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Staff experiences during COVID-19: What have we learned?

Can you believe it? The first anniversary of our original lockdown is right around the corner. It makes me reminisce about the uncertainty it brought but also the creativity it fostered.

Personally, I challenged myself to make the tastiest (and, sometimes, wackiest) soups with ingredients I already had on hand … until I ate so much soup that my body was desperate for something crunchy.

Fortunately, nearly one year later, there’s a light at the end of the tunnel, and the vaccine has begun to hit arms. Unfortunately, however, the rest of the school year will likely remain status quo.

Since last spring, we have conducted numerous staff surveys that include questions designed to understand staff experiences, frustrations, and ideas for improvement as they interact with students and colleagues in a new, and often distant, way.

So, what have we learned?

Somewhat surprisingly, “COVID-era” staff data has slightly improved relative to two years ago (the 2018-19 school year). While we’ve identified lots of issues around students’ access to technology, headaches with in-person vs. virtual vs. hybrid learning, as well as day-to-day communication (among other things), schools seem to have kept their heads above water.

Trust and consistency in department leadership have seen the largest improvement. When schools were closed last spring (some still remain fully closed), it was as critical as ever for staff members to be “on the same page” in order to create and execute their learning plan. Survey responses have stressed the need for constant communication from leadership – and there really isn’t such thing as “too much.”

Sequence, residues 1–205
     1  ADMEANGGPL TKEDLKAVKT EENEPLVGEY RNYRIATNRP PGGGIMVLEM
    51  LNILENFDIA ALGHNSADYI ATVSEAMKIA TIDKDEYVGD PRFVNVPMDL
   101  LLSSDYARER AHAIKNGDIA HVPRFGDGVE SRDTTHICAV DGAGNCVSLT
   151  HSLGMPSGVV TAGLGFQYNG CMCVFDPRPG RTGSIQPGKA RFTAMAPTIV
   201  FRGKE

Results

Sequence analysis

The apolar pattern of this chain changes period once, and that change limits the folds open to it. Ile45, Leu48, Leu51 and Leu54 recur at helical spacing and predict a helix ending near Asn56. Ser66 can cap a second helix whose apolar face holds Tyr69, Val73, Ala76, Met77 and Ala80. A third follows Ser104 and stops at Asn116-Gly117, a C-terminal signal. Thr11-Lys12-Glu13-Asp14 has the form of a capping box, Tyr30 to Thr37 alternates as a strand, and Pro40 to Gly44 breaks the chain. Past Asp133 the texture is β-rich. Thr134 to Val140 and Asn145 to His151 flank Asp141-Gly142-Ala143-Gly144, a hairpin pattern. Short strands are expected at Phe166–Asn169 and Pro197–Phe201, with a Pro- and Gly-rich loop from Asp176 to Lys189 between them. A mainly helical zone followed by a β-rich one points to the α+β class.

Staff members also say they are more up-to-date with emerging technologies and how they can be used for teaching and learning. Technology, like iPads and Chromebooks, is the only thing connecting teachers to their students in some districts, so the pandemic has likely caused some staff members who were not as well-versed in these devices to become overnight experts.

One more notable improvement is how schools have been able to meet students' social and emotional needs. This topic has been a point of emphasis in the past few years, and you would think a pandemic would stall any progress made. That doesn’t appear to be the case. Schools have prioritized these students' needs over the past 10 months to make sure they don't fall through the cracks.

So, contrary to some of the things I’ve read warning of a “lost year” (in the academic sense), it seems as though schools have fought hard to keep putting one foot in front of the other. Staff members thrive on good communication, direction, and support from leadership but have proven to be flexible and determined to continue education in a world that has tried to put it on hold.

Contact us today to implement a midyear COVID-19 staff check-in with your staff. Also, our next blog post will focus on parent experiences during COVID-19 as our midyear parent check-in survey rolls out this month.


The School Perceptions Blog and Resource Center features the voices of our team members. This post was written by Chelsea Davis, Data Analyst.


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